Martial law in ten regions of Ukraine
After a heated discussion, the Ukrainian parliament adopted a law during an extraordinary session late in the evening of 26 November approving a decree by President Petro Poroshenko introducing martial law for 30 days in ten regions located along the border of Russia, the coasts of the Azov Sea and the Black Sea, and the borders with separatist Transnistria (the Vinnytsia, Odessa, Mykolaiv, Kherson, Zaporizhia, Donetsk, Luhansk, Kharkiv, Sumy and Chernihiv oblasts).
The bill was supported by 276 deputies in the 450-seat parliament. The introduction of martial law was supported by the Petro Poroshenko Bloc, the Popular Front, Batkivshchyna (although Yulia Tymoshenko did not participate in the vote), the Radical Party and Self-Help; the Opposition Bloc’s MPs were against it.
The text of the bill as adopted is substantially different from the proposal put forward by President Poroshenko. The period of martial law is expected to last 30 days (instead of 60), and will not cover the country, but only the ten regions listed above. The president and his colleagues repeatedly stressed that none of the civic constitutional rights and freedoms provided for in the adopted bill will be limited (although the regulations allowing such practices have not been removed), unless there is an act of open aggression on the part of the Russian Federation. Parliament also adopted a resolution to schedule the presidential elections on 31 March 2019, which fits with the previously planned date scheduled in accordance with the Constitution.
- Poroshenko’s decision to introduce martial law was a direct response to the act of military aggression by the Russian Federation on 25 November, resulting in 23 Ukrainian sailors being detained. At the same time, it can be seen as a step dictated by the current political calculation (specifically in the pre-election period), the aim of which was to increase Poroshenko’s chances of being re-elected president.
- The original presidential proposal to introduce martial law met with very strong opposition from parliament. This resistance was aroused above all by the possibility of the suspension of certain rights and freedoms (including the right to property, privacy of correspondence, freedom of expression, freedom of commercial operation) provided for in the Constitution, and of far-reaching restrictions on legal persons (including a ban on demonstrations, the regulation of media operations, the ability to take control of companies). Accusations that these powers could be abused came from representatives of all the parties except the BPP and the Popular Front, which indicates a very low level of confidence in Poroshenko from the political elite. The deputies also raised concern about the fact that the introduction of martial law in the original scenario would have meant postponing the presidential elections by at least one month from the constitutional deadline of 31 March 2019. Finally, the president was forced to withdraw from his original plan and make concessions shortening the period of martial law and reducing the amount of territory it would cover. Although provisions allowing restrictions on the rights and freedoms remained in the text of the law, Poroshenko’s public declarations that they will not be applied will make it difficult for him to use them to combat his political opponents.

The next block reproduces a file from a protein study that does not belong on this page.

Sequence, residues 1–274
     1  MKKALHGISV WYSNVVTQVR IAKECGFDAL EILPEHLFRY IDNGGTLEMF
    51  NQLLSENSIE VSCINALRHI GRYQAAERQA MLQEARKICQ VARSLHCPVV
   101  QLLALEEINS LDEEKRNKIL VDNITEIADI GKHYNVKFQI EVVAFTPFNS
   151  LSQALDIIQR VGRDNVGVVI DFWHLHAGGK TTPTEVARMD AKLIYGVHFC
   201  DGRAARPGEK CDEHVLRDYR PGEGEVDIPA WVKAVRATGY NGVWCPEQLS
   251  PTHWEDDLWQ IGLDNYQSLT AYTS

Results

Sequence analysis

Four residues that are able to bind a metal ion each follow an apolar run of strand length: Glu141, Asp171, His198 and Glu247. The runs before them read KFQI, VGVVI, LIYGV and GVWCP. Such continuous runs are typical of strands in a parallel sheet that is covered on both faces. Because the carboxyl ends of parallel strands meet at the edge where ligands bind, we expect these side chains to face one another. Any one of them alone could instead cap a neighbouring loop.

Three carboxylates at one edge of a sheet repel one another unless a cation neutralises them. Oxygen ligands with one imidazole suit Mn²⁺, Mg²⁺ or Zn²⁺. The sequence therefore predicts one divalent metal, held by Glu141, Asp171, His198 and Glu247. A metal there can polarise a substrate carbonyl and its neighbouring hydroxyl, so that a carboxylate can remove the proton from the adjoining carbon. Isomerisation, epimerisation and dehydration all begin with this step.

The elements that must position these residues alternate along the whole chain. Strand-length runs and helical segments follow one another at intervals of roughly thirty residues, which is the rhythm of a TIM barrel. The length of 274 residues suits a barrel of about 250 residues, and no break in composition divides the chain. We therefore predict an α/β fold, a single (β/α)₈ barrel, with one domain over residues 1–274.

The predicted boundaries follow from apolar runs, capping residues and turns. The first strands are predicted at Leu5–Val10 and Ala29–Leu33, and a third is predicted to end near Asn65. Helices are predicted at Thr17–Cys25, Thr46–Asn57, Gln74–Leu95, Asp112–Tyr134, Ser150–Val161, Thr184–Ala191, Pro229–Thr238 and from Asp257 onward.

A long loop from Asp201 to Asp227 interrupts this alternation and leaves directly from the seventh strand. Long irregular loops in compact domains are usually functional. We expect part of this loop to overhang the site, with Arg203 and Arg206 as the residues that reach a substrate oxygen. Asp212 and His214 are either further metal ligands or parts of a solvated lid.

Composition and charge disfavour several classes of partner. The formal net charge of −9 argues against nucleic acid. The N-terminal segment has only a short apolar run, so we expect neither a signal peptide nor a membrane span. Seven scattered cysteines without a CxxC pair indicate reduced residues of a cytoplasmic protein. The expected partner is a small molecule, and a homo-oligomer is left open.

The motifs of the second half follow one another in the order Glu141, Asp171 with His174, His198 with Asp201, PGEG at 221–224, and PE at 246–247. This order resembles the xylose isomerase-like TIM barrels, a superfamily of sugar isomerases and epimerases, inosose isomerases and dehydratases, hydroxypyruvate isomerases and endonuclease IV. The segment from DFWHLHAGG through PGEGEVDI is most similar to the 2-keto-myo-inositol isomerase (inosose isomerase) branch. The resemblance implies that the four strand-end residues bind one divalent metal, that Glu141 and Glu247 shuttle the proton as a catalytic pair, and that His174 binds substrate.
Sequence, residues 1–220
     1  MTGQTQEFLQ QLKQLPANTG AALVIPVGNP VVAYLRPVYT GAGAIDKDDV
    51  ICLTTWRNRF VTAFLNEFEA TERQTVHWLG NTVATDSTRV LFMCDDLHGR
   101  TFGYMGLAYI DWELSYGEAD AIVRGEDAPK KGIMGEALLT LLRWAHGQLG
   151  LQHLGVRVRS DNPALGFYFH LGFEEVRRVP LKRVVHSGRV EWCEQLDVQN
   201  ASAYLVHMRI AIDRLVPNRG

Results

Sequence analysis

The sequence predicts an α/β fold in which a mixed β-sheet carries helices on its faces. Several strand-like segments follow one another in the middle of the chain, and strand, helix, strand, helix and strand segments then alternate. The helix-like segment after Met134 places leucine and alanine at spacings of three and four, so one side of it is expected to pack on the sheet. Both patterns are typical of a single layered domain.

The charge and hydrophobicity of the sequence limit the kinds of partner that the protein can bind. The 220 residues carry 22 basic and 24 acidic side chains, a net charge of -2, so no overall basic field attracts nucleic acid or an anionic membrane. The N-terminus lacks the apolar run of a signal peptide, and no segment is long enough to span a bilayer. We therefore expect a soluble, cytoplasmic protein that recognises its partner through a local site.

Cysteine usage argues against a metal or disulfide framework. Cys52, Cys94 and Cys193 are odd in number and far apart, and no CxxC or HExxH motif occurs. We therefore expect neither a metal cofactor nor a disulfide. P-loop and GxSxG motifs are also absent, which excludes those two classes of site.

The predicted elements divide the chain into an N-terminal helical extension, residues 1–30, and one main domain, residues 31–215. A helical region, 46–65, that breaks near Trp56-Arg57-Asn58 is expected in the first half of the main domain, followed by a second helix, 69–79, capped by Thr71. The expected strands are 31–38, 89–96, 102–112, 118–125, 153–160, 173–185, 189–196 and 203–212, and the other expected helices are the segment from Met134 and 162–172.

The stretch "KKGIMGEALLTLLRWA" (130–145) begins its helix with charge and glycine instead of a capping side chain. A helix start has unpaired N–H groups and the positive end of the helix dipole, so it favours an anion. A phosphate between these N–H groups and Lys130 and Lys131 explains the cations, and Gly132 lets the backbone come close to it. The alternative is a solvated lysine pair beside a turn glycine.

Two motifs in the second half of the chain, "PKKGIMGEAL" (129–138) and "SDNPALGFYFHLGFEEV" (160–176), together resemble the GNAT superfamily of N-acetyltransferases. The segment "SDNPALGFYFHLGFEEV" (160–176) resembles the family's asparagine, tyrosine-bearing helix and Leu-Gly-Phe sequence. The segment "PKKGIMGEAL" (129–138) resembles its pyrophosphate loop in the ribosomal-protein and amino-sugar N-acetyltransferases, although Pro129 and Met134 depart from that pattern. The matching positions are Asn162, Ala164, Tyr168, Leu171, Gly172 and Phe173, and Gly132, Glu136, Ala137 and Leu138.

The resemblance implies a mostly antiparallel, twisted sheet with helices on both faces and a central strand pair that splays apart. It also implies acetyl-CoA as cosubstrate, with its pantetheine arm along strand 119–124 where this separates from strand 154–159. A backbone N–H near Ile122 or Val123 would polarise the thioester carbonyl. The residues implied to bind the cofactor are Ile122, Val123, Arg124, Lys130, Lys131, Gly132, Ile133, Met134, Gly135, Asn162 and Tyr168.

- The introduction of martial law should not reflect negatively on Ukraine’s cooperation with the West and international financial institutions. A representative of the International Monetary Fund stated that it has no legal restrictions preventing it from continuing to support Ukraine in the new situation.
- The final shape of the document governing the imposition of martial law in selected regions of Ukraine excluded the proposal to mobilise the reserve forces, which proves that the Armed Forces of Ukraine are not assuming that Russia will start any full-scale military actions in the near future. According to the law, a partial mobilisation may be declared by the President of Ukraine according to the assessment of risk. The law does not formulate specific tasks for the other departments responsible for national security, and is limited to general recommendations to take steps to defend the security and the interests of the state. The State Service for Emergency Situations, responsible for rescue operations and civil defence, has been placed on full alert.